The court must keep in mind that opinions, such as whether a claimant is disabled, the nature and extent of a claimant's residual functional capacity, and the application of vocational factors, “are not medical opinions, ... but are, instead, opinions on issues reserved to the Commissioner because they are administrative findings that are dispositive of a case; i.e., that would direct the determination or decision of disability.” 20 C.F.R. §§ 404.1527(d), 416.927(d). Whether the claimant meets a Listing and is qualified for Social Security disability benefits is a question reserved for the ALJ, and the court “may not decide facts anew, reweigh the evidence, or substitute [its] judgment for that of the Commissioner.” Dyer v. Barnhart, 395 F.3d 1206, 1210 (11th Cir. 2005). Thus, even if the court were to disagree with the ALJ about the significance of certain facts, the court has no power to reverse that finding as long as substantial evidence in the record supports it.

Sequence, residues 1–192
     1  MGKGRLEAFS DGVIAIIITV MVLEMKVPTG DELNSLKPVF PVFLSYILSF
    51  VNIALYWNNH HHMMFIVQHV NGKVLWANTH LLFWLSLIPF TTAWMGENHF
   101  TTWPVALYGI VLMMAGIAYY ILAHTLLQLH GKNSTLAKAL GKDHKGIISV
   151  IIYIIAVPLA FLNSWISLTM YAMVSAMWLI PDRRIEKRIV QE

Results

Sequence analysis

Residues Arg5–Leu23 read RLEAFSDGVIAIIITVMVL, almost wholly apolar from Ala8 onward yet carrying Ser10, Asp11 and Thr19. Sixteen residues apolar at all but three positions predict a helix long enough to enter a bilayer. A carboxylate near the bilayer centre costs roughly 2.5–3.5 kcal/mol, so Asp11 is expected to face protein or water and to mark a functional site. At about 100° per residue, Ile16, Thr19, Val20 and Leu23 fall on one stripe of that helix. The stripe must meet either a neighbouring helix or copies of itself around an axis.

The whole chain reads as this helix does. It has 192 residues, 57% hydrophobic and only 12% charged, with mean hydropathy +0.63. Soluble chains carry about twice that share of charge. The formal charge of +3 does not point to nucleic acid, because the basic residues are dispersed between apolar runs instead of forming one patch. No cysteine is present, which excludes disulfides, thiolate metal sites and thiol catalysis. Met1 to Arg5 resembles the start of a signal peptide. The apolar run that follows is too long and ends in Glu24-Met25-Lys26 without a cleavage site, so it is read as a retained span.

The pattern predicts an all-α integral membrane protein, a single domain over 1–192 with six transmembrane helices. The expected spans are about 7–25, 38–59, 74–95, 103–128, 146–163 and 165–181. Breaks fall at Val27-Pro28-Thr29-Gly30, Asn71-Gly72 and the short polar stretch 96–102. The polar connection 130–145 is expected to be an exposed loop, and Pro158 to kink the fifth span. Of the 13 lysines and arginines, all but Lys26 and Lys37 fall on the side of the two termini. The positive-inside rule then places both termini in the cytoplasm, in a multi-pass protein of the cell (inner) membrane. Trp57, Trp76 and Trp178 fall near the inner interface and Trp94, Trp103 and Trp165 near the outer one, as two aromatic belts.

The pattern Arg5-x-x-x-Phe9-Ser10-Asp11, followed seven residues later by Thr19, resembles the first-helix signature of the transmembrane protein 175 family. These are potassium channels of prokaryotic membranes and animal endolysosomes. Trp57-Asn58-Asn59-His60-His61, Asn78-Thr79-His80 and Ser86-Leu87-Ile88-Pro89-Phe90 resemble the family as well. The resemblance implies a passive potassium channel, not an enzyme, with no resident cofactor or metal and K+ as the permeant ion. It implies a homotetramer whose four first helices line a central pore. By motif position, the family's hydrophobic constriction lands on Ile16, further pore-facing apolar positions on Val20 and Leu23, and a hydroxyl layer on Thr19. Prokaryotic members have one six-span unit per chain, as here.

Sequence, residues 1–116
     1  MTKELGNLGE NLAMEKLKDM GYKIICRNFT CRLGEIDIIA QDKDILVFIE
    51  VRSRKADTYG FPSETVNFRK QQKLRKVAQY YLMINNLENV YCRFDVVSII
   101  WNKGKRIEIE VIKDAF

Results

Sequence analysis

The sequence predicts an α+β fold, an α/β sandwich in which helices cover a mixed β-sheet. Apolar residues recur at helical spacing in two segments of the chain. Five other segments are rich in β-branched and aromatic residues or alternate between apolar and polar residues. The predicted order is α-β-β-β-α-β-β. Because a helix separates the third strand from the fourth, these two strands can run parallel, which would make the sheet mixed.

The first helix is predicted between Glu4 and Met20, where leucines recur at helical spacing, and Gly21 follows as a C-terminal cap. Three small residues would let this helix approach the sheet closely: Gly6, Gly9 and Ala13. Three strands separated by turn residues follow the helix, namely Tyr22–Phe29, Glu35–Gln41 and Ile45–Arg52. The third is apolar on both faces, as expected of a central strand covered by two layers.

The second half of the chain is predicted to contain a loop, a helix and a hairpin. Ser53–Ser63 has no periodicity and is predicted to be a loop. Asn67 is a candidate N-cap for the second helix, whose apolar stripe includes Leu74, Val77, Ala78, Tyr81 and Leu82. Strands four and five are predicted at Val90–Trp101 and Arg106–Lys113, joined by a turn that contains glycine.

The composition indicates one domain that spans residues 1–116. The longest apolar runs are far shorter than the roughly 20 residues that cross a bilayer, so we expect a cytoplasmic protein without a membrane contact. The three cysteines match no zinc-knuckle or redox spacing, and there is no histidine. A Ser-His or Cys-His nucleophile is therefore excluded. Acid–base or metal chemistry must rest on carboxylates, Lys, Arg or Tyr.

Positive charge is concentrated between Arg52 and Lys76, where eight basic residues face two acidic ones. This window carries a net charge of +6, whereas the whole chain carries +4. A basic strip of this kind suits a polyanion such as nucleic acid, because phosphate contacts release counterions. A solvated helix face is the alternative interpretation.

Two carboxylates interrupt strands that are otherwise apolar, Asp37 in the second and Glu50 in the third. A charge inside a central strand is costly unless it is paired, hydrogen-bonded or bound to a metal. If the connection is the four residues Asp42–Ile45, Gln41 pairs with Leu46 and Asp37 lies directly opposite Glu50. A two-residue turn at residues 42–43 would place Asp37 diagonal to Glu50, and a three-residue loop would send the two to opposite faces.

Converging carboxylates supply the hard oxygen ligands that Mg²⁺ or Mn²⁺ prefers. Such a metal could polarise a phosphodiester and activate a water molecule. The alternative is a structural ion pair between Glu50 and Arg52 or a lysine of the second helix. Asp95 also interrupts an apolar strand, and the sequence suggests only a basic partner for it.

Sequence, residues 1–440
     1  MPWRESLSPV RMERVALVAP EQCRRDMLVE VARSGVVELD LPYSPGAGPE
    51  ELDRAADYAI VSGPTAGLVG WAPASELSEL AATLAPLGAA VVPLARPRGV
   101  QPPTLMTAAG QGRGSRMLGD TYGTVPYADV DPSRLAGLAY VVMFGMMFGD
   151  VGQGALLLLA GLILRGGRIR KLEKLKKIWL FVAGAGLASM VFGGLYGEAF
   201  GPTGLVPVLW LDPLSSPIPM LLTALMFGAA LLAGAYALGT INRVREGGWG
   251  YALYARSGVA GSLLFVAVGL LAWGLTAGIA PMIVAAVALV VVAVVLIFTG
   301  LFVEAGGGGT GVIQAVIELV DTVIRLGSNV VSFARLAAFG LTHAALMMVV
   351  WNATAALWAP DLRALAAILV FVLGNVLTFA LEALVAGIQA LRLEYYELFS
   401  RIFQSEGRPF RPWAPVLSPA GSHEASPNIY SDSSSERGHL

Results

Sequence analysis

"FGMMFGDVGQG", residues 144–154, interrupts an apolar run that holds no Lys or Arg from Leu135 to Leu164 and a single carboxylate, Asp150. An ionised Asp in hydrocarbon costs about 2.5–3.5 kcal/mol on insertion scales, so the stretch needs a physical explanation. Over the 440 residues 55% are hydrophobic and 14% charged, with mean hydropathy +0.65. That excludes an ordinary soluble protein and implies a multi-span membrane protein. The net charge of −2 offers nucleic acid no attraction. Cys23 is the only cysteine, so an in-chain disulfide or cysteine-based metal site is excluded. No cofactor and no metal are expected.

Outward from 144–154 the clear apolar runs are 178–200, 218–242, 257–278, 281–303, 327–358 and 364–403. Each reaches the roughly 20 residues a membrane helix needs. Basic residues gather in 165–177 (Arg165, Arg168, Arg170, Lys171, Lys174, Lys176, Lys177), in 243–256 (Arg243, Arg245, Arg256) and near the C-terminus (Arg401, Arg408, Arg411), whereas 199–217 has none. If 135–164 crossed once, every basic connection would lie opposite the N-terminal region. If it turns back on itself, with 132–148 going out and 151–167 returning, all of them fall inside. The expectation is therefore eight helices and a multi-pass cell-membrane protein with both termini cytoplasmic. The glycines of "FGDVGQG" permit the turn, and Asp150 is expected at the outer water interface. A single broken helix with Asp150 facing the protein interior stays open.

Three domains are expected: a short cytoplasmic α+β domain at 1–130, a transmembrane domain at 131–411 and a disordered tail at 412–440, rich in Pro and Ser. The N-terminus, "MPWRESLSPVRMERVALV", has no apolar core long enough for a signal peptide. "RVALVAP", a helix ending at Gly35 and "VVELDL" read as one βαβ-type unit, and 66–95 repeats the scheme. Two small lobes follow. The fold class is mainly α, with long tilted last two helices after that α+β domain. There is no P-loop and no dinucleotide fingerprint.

The court must “scrutinize the record in its entirety to determine the reasonableness of the [Commissioner]'s factual findings.” Walker, 826 F.2d at 999. A reviewing court must not only look to those parts of the record that support the decision of the ALJ, but also must view the record in its entirety and take account of evidence that detracts from the evidence relied on by the ALJ. Hillsman v. Bowen, 804 F.2d 1179, 1180 (11th Cir. 1986).


         Under 42 U.S.C. § 423(d)(1)(A), a person is entitled to disability benefits when the person is unable to “engage in any substantial gainful activity by reason of any medically determinable physical or mental impairment which can be expected to result in death or which has lasted or can be expected to last for a continuous period of not less than 12 months....” 42 U.S.C. § 423(d)(1)(A). To make this determination the Commissioner employs a five-step, sequential evaluation process:

(1) Is the person presently unemployed?
(2) Is the person's impairment severe?
(3) Does the person's impairment meet or equal one of the specific impairments set forth in 20 C.F.R. Pt. 404, Subpt. P, App. 1?
(4) Is the person unable to perform his or her former occupation?
(5) Is the person unable to perform any other work within the economy?
An affirmative answer to any of the above questions leads either to the next question, or, on steps three and five, to a finding of disability. A negative answer to any question, other than step three, leads to a determination of “not disabled.”